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BP Business Economic Loss Claim Appeal 2015-1780: 50% Department of Defense exclusion applies to subcontractors


The following is an Appeal Panel Decision issued pursuant to Section 6 of the BP Deepwater Horizon Economic & Property Damages Settlement Agreement and the Rules Governing the BP Appeals Process. Links may have been added to assist the reader. The original decision may be found here, as well as a glossary of BP Settlement terms.

Claimant, an electrical component manufacturer, received a pre-RTP award of $80,864.82. BP appeals, asserting that claimant receives over 50% of its annual revenue from contracts or sub-contracts with the Department of Defense and, therefore, should be excluded from the Settlement.

The Agreement at excludes Defense Contractors/Subcontractors, including firms which derive in excess of 50% of their annual revenue from contracts with the United States Department of Defense. Claimant contends it has no direct contracts with the Department of Defense but “may sell to some companies that do have such contracts”. However, since the Settlement Agreement references subcontractors as well as contractors, claimant can be subject to the exclusion if over 50% of its business derives from subcontracts imbedded in projects with the DOD. See also Exhibit 18 listing excluded entities, which references Defense Contractors and their Sub-Contractors and Suppliers.

Claimant never made any assertion that its revenues were not primarily from DOD subcontracts. Instead, Claimant only suggested that the NAICS code listed on its tax return indicates its business involves “Semiconductor and other Electronic Component Manufacturing”. However, this assertion does not address the relevant question in this case. The issue is whether claimant derives at least 50% of its revenues from contracts or subcontracts with the DOD, not the nature of its business activity. Moreover, in this case, there is sufficient indicia of an extensive relationship between claimant and the DOD, even if that relationship is indirect. Claimant’s website states that it services a diverse and prestigious customer base, including [XXXXX]. These entities are largely either Army bases or companies well known to be primarily defense contractors.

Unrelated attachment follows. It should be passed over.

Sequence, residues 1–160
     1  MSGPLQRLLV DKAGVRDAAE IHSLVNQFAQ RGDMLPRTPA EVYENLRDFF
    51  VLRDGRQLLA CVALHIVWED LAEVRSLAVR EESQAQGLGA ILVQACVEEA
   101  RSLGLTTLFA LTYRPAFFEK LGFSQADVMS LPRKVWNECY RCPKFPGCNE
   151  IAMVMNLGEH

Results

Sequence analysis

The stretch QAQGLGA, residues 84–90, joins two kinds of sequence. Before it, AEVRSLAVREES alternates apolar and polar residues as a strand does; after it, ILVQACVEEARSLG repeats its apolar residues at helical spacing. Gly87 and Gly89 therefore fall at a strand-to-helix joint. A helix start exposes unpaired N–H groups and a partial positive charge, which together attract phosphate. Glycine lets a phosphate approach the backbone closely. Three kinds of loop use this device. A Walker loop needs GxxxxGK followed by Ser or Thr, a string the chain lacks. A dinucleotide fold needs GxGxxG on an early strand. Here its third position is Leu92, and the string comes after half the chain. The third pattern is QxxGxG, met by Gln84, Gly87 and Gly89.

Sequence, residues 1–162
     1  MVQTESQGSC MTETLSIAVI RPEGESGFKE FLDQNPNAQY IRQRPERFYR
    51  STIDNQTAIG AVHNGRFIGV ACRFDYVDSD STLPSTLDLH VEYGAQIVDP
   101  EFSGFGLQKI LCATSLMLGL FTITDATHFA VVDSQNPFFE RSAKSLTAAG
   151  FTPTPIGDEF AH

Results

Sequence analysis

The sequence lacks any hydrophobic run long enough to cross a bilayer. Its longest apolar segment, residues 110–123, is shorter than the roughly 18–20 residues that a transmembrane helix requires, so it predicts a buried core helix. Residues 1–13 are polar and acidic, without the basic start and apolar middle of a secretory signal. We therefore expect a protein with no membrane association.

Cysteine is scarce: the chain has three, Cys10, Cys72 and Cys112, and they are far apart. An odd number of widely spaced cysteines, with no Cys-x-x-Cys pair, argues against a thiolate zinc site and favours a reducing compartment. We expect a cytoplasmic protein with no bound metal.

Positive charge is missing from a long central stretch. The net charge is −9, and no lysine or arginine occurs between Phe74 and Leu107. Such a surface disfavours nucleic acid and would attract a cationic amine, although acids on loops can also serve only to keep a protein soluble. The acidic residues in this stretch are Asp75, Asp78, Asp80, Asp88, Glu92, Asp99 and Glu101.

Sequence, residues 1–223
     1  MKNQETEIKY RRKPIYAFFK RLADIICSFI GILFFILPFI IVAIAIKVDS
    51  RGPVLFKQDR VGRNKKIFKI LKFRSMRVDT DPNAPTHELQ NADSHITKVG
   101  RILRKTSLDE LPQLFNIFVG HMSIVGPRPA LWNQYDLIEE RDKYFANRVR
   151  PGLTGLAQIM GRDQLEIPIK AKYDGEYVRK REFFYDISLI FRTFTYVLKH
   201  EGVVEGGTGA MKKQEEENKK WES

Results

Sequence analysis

A review of the Program’s page on claimant’s website lists [XXXXX]. In fact, according to the publicly disseminated information which is in the file, the great majority of the programs that Claimant is “supporting” involve projects that seem to be Department of Defense enterprises. Additionally, there are other documents in the file which indicate a large portion of business involves work on DOD jobs. Claimant is listed as a member of the [XXXXX] in the group’s membership directory. In 2009, the US Small Business Association named Claimant the Subcontractor of the year, recognizing the company for its “excellence in its role as a vital subcontractor on federal contracts associated with the Department of Defense”.

In the face of this mound of evidence pointing to a predominance of DOD affiliated work, the claimant should be required to submit concrete evidence establishing that DOD contracts and/or subcontracts account for less than 50% of its business. In furtherance of the inquiry, this Panelist requested information from Claimant establishing what percentage of its revenue derived from contracts or subcontracts with the Department of Defense. Claimant only replied that it was not privileged to see their customers’ books. In view of the extensive indicia of DOD affiliated work for claimant, this non-statement is simply not adequate. Claimant, faced with the evidence on file in this case, should have unearthed information regarding the percentage of its work relating to DOD contracts. It strains credibility that a company is knowledgeable about the projects it “supports” but has no knowledge whether any of those projects involve the DOD. This is especially troublesome when most of the projects claimant references in its own materials seem, on their face, to involve weapons systems. Accordingly, in view of the substantial evidence of DOD work, there is a finding that claimant has not adequately refuted the indications that it should be considered a defense subcontractor. As a result, claim is excluded and the Settlement Program’s award is reversed.

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